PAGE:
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Hellblade dev Ninja Theory announces Project: Mara

“Project: Mara will be a real-world and grounded representation of mental terror,” apparently. That doesn’t sound concerning at all.

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Ninja Theory Project Mara
Ninja Theory

“Project: Mara will be a real-world and grounded representation of mental terror,” apparently. That doesn’t sound concerning at all.

Ninja Theory, which is now an Xbox Game Studios shop, announced Hellblade II: Senua’s Saga for Xbox Series X. Given that the first Hellblade game was perhaps best viewed as a demonstration for the studio’s performance capture chops – and Melina Juergens’ striking portrayal of psychosis – it makes sense that its sequel will be used as something of a tech showcase for the next-gen Xbox console.

Ninja Theory has not been resting idle, however. In addition to Hellblade II, they’re also working on Bleeding Edge (a multiplayer character brawler) and something called The Insight Project, described as “an ambitious combination of technology, game design and clinical neuroscience brought together with the aim of generating strategies to alleviate mental distress,” developed in conjunction with Professor Paul Fletcher of University of Cambridge.

Today, Ninja Theory has announced another project. It’s called Project: Mara, and somewhat predictably, it focuses on mental health. For better or worse.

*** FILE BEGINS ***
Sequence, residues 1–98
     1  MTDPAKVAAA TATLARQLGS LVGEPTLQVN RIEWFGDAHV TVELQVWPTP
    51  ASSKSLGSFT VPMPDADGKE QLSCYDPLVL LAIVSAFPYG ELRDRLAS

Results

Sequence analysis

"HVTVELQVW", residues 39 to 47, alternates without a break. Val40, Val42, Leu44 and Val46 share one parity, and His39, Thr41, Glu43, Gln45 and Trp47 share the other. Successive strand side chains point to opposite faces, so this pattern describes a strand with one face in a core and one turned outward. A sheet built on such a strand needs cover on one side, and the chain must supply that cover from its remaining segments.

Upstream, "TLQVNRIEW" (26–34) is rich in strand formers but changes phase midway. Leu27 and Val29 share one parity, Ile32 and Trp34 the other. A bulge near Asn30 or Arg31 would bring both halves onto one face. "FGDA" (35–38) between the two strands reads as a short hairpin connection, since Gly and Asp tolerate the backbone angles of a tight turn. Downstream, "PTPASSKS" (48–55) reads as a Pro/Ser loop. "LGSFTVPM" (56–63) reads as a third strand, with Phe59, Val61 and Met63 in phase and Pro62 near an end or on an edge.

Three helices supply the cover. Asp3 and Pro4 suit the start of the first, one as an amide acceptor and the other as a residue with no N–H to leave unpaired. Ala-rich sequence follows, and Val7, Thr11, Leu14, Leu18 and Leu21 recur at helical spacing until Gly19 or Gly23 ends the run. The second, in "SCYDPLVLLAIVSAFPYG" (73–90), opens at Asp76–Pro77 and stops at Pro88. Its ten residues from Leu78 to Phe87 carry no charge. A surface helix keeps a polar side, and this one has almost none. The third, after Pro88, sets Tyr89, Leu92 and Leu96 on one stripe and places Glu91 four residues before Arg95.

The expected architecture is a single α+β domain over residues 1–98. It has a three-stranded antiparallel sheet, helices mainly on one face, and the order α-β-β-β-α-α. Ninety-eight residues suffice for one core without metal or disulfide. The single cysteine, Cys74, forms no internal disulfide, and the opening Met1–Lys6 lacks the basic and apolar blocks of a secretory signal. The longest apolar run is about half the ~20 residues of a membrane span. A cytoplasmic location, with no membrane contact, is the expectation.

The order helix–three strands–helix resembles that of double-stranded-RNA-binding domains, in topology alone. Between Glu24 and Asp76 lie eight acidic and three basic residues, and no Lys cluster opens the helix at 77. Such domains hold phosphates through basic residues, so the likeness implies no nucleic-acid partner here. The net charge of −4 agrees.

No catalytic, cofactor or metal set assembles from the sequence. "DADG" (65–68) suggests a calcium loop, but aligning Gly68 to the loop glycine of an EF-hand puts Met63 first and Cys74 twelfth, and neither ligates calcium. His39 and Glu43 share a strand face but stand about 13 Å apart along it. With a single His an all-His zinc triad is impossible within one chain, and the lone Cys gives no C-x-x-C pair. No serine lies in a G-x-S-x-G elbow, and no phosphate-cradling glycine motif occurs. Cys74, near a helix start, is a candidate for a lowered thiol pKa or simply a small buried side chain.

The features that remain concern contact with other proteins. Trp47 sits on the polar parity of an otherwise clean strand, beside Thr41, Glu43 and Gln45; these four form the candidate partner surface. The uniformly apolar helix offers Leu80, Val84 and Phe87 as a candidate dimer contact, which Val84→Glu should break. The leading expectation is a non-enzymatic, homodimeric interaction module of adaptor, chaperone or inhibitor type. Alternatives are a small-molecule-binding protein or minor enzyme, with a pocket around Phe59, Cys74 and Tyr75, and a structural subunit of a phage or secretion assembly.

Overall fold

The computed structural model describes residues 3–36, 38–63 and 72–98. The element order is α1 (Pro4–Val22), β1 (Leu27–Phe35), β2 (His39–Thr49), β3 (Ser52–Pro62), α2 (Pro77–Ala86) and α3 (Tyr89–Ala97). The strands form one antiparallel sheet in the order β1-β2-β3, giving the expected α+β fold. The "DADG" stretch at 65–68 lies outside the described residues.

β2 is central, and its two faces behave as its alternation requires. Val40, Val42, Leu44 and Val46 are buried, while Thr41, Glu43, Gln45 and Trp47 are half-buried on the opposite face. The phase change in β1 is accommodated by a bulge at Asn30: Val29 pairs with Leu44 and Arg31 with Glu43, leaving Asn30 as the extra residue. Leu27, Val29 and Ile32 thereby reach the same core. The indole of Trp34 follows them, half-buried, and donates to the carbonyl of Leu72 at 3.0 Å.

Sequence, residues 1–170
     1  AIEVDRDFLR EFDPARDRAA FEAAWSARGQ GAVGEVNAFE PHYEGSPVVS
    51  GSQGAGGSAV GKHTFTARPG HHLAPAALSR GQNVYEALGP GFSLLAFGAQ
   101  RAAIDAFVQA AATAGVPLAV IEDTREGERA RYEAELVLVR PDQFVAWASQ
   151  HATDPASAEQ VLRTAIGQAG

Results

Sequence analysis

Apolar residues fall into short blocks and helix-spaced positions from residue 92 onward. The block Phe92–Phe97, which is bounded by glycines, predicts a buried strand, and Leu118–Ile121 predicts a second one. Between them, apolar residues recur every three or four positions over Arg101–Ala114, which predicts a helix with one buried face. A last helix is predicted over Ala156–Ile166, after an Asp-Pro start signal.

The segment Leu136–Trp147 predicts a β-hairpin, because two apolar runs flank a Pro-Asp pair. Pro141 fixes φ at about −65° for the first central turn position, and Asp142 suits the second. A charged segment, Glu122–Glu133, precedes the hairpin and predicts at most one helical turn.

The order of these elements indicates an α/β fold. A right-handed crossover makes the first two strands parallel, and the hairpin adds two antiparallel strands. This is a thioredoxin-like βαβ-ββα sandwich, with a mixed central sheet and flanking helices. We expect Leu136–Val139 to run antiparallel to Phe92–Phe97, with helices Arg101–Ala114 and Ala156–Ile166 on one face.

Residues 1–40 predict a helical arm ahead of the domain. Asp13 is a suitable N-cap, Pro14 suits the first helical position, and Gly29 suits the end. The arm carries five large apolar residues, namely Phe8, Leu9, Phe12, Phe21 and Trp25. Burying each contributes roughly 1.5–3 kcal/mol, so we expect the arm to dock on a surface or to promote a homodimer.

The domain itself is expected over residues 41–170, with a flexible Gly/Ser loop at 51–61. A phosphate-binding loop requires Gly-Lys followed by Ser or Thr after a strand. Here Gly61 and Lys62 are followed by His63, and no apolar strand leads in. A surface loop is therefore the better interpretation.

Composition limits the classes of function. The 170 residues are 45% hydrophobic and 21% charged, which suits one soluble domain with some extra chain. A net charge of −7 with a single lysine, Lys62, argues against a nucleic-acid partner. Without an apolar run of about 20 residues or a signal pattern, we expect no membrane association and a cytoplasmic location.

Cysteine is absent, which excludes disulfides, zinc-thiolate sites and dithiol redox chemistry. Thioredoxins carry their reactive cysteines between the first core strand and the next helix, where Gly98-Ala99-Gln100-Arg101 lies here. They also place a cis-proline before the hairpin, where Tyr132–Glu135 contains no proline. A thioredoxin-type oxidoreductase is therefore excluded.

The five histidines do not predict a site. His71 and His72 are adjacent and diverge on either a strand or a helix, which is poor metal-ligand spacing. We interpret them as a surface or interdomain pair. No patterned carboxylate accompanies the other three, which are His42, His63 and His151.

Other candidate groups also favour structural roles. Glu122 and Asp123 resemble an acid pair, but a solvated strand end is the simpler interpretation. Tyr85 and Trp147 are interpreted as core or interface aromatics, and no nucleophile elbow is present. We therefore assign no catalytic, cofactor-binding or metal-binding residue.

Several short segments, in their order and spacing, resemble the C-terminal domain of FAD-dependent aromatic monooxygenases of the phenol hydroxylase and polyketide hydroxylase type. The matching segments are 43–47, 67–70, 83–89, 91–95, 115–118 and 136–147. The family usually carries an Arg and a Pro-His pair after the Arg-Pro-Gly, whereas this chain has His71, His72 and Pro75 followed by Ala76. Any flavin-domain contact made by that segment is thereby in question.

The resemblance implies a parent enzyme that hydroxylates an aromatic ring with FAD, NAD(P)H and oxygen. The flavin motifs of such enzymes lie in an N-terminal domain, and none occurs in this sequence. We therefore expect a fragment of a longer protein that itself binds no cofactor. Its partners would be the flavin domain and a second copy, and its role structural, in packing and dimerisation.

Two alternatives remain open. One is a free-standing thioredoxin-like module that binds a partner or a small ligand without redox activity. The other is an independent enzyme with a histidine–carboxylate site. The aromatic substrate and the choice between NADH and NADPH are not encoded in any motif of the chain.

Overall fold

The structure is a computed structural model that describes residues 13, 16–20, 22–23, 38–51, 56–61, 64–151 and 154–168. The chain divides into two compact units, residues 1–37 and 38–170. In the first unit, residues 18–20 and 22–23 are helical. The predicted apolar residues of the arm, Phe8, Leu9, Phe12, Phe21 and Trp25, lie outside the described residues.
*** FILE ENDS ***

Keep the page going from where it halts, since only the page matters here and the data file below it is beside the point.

Including what appears to be Melina Juergens in the lead role, similarities to Hellblade’s (albeit more fantastical) portrayal of mental health look obvious. According to the blurb on the Ninja Theory website, “Project: Mara will be a real-world and grounded representation of mental terror.”

“Based on real lived experience accounts and in-depth research,” the description continues, “our aim is to recreate the horrors of the mind as accurately and realistically as possible. Project: Mara will be an experimental title and a showcase of what could become a new storytelling medium.”

This has, understandably, raised a few eyebrows. It’s great that Ninja Theory is making experimental games! It’s also a positive step that video games are looking to cover wider societal issues like mental health. But the focus on the negative is concerning. Why must they assume that mental health issues must manifest as “horrors of the mind” and “mental terror”?

It brings to mind Life is Strange developer Dontnod’s upcoming game, Tell Me Why, a game that features a trans protagonist but (to our knowledge, at the time the game was announced) no transgender writers on the team. Dontnod has been keen to point out that it is working with LGBT advocacy group GLAAD, but research and good intentions are no substitute for experience and empathy. Ninja Theory’s talk of “real lived experience accounts and in-depth research” sounds desperately similar.

The worry is that these portrayals have the potential to do more harm than good. As a result, the jury’s out on this one.


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Tom is an itinerant freelance technology writer who found a home as an Editor with Thumbsticks. Powered by coffee, RPGs, and local co-op.